Slavoj Zizek and how the pandemic has undermined “the coordinates of our basic access to reality.”
On Inauguration Day, a viral meme of Bugs Bunny in a tuxedo read: “i wish President Joe Biden a very pleasant owing me $2000.”
Whether or not Biden lives up to the so-called “most progressive platform of any major party nominee in history,” one thing is certain: Our expectations have risen. Barely over a decade ago, it would have been ludicrous to suggest Obama’s financial recovery package include a direct check of $2,000. Now, we expect it; Joe Biden owes us.
Slavoj Zizek’s latest two books, Pandemic: Covid-19 Shakes the World and Pandemic 2: Chronicles of a Time Lost, examine how the rolling, exhausting crisis of the last year has altered our material conditions and our collective psyches, from the way we dream to what we expect.
Riffing on Naomi Klein’s analysis of “disaster capitalism,” Zizek remains hopeful for a corresponding “disaster communism,” where the state assumes “a much more active role.” When Zizek uses the term “communism,” he means it loosely, as any policy that cuts against capitalism’s profit motives for the purpose of benefiting the general welfare of all people. What few measures states have taken, like direct aid, though they have not gotten close to “guaranteeing the minimum of survival,” still point out a cautiously optimistic solution.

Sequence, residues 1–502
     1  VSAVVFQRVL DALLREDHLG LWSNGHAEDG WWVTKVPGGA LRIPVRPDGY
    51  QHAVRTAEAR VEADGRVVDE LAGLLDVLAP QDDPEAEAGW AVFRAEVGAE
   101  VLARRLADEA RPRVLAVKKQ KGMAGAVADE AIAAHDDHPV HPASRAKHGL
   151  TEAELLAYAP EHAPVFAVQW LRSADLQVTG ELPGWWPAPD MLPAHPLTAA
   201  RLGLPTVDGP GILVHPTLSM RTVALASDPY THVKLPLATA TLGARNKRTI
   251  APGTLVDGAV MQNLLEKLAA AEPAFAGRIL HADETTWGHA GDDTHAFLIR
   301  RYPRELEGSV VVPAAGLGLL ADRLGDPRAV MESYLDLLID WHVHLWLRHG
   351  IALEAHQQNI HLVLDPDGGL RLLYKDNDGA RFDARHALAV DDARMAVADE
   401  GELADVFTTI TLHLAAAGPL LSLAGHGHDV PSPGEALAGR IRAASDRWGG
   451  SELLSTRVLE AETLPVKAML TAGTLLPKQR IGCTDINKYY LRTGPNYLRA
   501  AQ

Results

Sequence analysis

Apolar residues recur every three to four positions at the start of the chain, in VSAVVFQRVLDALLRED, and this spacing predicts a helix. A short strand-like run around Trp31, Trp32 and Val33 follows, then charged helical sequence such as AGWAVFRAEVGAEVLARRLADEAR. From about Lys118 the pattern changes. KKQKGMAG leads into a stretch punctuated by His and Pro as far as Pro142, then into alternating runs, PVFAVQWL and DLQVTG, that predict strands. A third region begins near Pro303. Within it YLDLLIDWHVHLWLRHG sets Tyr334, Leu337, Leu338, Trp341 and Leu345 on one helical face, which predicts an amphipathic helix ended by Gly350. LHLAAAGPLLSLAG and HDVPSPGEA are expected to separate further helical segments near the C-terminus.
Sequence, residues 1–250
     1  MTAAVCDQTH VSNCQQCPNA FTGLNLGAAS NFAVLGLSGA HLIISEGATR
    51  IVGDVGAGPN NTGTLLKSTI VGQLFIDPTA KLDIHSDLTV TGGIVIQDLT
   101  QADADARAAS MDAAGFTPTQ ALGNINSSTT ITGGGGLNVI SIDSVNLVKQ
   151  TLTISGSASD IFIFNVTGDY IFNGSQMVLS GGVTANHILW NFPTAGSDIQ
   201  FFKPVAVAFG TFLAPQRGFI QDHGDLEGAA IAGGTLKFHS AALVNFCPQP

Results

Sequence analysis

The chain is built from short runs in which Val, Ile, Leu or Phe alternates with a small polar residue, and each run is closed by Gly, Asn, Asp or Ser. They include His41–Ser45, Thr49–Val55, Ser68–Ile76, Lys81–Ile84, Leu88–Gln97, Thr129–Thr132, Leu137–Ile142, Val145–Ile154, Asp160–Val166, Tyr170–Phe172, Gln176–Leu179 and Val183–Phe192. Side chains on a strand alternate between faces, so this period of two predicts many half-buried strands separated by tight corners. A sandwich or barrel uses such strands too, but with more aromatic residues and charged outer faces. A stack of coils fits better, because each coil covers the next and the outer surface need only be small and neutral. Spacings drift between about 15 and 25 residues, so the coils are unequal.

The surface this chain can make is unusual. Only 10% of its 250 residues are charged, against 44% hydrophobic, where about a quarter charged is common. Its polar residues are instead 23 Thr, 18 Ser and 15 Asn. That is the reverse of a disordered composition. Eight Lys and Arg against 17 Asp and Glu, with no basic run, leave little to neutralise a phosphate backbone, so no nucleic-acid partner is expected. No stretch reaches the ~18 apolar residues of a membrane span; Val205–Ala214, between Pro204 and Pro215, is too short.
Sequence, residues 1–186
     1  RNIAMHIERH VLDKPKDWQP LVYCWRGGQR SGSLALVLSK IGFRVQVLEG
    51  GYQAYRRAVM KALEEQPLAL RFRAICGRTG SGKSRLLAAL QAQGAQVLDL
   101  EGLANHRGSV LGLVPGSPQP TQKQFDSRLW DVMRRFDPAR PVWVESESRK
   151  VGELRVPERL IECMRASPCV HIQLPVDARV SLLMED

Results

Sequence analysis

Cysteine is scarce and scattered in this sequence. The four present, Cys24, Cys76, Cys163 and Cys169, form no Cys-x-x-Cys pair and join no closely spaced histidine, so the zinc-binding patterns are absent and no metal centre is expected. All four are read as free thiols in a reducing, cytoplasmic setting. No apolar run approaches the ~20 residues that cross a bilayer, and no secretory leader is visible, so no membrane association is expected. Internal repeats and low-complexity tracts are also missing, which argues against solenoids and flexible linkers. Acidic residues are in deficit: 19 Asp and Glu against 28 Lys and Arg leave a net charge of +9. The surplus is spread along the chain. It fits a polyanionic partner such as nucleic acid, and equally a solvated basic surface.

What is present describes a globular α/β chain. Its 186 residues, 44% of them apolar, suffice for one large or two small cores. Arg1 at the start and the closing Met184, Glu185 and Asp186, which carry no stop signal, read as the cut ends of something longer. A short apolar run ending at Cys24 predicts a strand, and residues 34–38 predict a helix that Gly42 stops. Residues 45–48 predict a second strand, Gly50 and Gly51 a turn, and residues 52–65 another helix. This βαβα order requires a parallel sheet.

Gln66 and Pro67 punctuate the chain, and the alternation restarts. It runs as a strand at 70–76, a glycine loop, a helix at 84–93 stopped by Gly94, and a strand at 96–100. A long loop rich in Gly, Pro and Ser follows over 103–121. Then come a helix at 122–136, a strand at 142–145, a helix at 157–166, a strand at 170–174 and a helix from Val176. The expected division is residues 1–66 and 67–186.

The first book of the two examines the pandemic’s immediate fallout through Zizek’s personal reflections written in the first few weeks of lockdown last March and April. Maybe because it comes so early in the crisis, Zizek appears more hopeful for a dramatic climax and a productive state response, even as he diagnoses how flat-footed governments were.